For all the bounty harvested from the garden at the moment, summer can be a distressing time of the year. Hot dry summers mean plenty of time spent watering the plants of course, but they also signal a rise in animal fatalities on our roads. It’s also the time of year that our local farmer separates the youthful steers from their mums. And unsurprisingly the mums are upset. They aren’t afraid to vocalise their distress either, keeping up the lowing and keening pretty much non-stop for three days. And nights. The mother-son bond is strong, but the bond can also be strong for wildlife. I was reminded of this the other day after finding a native hen on the roadside that must have been whacked by a car. This was an adult bird, and probably one of the parents of a family we’ve seen several times lately crossing the road from the paddock to the riverbank. Mum, dad and four chicks – now almost fully grown.
While pairing up isn’t necessarily a lifetime bond for native hens, there still does seem to be a closeness if the behaviour of one of the birds I spotted this morning is anything to go by. A bird I strongly suspect was the partner of the one that was killed was obviously searching for something other than food. I guessed it was probably his/her mate. These family groups of native hens hang around together and they do tend to throw caution to the winds when it’s time for the parents to show the kids around the neighbourhood. Out our way this can often involve crossing the road so it’s unsurprising a few of them don’t make it. Usually though, it’s one of the inexperienced chicks.
But it’s not only native hens that come to grief as the young ones grow up. In the last week I’ve also found a dead magpie, an eastern rosella, a young rabbit, and a copperhead snake. As well as on one memorable morning of carnage, three wallabies. It prompted me to write a letter to our local community newsletter, urging people to slow down when driving, and to consider our wildlife. I can only hope it will make a difference:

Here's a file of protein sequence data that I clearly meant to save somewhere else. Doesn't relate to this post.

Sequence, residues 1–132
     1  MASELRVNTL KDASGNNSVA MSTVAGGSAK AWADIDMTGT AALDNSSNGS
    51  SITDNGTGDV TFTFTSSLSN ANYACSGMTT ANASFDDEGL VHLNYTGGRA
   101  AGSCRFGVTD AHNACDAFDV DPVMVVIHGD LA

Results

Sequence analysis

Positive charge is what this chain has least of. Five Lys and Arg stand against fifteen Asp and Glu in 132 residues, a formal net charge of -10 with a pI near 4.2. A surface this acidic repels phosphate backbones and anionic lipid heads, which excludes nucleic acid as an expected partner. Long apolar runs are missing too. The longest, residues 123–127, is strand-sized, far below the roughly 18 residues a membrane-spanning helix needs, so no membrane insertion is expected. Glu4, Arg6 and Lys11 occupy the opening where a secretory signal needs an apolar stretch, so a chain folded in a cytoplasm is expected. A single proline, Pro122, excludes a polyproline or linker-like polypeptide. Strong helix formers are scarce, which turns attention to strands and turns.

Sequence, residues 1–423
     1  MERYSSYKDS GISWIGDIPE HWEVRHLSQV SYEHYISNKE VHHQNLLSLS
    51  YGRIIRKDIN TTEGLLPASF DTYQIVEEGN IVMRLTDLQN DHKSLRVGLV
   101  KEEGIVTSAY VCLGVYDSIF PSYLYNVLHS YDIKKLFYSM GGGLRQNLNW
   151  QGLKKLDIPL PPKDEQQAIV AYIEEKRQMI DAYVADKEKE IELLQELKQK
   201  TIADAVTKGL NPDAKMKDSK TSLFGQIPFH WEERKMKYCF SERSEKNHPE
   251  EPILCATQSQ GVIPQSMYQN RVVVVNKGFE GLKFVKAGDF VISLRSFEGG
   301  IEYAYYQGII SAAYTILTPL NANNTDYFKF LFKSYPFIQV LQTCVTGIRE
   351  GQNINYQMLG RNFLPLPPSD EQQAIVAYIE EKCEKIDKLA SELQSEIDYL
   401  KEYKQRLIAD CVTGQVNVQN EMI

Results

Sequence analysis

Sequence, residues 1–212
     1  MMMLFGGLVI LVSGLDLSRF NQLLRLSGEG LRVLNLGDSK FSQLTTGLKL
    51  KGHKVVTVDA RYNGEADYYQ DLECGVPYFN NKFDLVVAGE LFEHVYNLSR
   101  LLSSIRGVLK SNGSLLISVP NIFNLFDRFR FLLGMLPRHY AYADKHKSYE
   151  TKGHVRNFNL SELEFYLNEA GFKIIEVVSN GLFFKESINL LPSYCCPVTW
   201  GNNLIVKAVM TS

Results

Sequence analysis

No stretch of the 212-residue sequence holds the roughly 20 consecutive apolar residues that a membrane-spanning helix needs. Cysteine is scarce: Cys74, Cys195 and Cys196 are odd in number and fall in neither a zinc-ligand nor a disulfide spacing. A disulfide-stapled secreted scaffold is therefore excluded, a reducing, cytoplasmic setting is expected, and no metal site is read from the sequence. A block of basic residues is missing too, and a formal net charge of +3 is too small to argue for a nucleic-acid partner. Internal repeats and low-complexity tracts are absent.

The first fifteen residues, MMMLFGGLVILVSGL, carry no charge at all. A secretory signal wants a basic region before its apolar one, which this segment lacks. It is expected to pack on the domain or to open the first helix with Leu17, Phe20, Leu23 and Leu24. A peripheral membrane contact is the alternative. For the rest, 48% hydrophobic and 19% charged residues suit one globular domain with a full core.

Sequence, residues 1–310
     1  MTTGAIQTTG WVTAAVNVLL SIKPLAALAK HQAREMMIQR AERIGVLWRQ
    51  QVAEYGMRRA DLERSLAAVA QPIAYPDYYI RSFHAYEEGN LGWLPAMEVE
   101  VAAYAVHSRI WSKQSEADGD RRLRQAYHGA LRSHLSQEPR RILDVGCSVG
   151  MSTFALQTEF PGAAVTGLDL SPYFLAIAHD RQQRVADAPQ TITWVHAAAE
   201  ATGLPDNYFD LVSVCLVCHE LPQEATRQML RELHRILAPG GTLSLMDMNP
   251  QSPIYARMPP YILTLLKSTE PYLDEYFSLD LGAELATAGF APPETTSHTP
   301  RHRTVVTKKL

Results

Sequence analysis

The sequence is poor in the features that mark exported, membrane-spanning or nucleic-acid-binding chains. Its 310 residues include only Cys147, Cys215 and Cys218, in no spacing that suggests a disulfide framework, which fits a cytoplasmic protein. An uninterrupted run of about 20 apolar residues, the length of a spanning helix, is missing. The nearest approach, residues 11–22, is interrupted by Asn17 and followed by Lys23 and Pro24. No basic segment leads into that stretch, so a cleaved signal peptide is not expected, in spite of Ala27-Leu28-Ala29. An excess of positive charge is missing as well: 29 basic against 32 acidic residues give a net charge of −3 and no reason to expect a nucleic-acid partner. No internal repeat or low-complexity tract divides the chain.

“Another plea to everyone in our community to please, please, PLEASE slow down when driving along our roads, and to be aware of our precious wildlife. Recently I was obliged to remove no less than three roadkilled bennetts wallabies – all male.
One was found while walking our dog, then two more when on my way to an appointment in town. All were killed along our road. Two had been very recently killed as they were still warm, and the oozing blood was still wet.
At this time of year when vegetation is drying out and wildlife are more likely to be checking out the grass along the verges, and seeking a bit of moisture, they are also more likely to be active outside the traditional dusk to dawn timeline. All the development in our area is slowly displacing our wildlife, and reducing their decreasing habitat even further.
Please consider that this area is their home too. And it was their home long before all of us arrived. We are incredibly fortunate to have wildlife living so close. Most of us, I’m sure, value, appreciate and enjoy their proximity. So please do your bit to help protect and maintain it. It’s worth remembering too that vehicle damage from colliding with a bennetts in particular – can be significant. And expensive. Thank you.”
It’s beyond distressing to find carcasses on the roadside so to any and all who stumble across this post, please take note. And remember we do indeed share this planet with other creatures, many of whom are now living on the edge due in large part to human activity, and a rapidly changing climate.